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Abstract/Notes: Teachers and administrators are faced with a basic question when planning for a school year: how should the students be grouped when coming to school? Should students of similar age be together or should students be assigned to multi-age classrooms at the elementary school level? If the multi-age method is chosen, how will academic progress be affected by this instructional strategy? And, in the end, will the students in a multi-age setting perform similar to students who are in traditional group setting on standardized tests? The question of multi-age grouping and academic performance was the focus of this study. The purpose of this study was to compare the academic performance in reading and mathematics of third- and fifth-grade students who have completed three years of multi-age instruction with the academic performance of students in third and fifth grade who have been instructed in the similar-aged traditional classroom. The study compared test scores of students in third and fifth grades using the Minnesota Comprehensive Assessment exams. This study determined that there was no significant difference in the scholastic performance between the groups of students who were instructed in the multi-age instructional settings compared to the traditional same age setting. The multi-age setting does allow for positive social settings particularly the opportunity for students to take leadership roles with fellow classmates.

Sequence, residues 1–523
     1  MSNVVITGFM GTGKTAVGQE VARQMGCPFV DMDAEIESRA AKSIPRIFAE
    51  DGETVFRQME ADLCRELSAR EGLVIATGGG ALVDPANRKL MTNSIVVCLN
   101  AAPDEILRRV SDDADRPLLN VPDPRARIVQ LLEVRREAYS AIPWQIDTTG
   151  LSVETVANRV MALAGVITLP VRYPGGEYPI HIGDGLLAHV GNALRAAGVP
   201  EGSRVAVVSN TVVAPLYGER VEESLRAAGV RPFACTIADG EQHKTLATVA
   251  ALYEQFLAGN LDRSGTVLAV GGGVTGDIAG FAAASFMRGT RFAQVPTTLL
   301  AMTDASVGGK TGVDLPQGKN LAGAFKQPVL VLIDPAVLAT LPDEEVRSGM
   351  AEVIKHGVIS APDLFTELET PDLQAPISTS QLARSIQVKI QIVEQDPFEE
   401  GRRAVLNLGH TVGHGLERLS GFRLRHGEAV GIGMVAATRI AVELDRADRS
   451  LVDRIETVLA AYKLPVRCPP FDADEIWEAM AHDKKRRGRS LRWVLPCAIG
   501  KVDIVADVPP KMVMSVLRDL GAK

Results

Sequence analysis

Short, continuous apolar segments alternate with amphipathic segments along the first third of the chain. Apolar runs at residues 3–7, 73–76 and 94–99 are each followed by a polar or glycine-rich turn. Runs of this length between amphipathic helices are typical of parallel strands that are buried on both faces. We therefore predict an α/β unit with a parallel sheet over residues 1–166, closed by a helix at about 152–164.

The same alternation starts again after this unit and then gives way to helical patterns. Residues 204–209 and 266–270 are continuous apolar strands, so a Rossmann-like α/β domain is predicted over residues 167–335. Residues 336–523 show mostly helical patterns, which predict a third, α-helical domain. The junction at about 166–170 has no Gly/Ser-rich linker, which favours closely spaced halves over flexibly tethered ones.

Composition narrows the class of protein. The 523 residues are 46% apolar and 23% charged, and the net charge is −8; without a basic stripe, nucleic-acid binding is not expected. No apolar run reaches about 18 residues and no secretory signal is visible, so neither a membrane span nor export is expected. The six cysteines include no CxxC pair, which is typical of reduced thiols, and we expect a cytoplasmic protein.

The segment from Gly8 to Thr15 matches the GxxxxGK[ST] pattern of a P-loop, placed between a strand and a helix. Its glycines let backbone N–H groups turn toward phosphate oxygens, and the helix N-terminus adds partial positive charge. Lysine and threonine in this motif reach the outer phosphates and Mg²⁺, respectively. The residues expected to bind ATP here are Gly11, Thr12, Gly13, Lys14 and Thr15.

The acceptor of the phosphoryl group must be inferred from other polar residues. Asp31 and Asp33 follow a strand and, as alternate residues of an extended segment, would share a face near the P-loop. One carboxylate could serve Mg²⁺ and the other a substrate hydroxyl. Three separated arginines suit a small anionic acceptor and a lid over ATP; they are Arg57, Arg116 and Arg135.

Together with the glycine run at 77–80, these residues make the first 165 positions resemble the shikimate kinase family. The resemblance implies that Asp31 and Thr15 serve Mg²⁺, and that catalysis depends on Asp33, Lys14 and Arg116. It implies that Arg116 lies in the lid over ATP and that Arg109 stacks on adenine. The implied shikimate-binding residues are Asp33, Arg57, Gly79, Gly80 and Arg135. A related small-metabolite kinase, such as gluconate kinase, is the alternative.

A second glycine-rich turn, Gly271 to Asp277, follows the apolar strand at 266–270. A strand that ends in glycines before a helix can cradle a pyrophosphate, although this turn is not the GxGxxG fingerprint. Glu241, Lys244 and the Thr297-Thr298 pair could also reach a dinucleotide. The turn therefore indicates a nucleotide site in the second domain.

Language: English

Published: Vermillion, South Dakota, 2010

Article

Convergence and Divergence of Ethnomathematics (D’Ambrosio) and Mathematics (Montessori): An Ethnomathematics Program

Publication: Montessori Australia eArticle, vol. 2021, no. 4

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Language: English

Doctoral Dissertation

A Comparison of Student Achievement, Student Self-Concept, and Parental Attitude Toward Traditional and Montessori Programs in a Public School Setting

Available from: University of North Texas Digital Library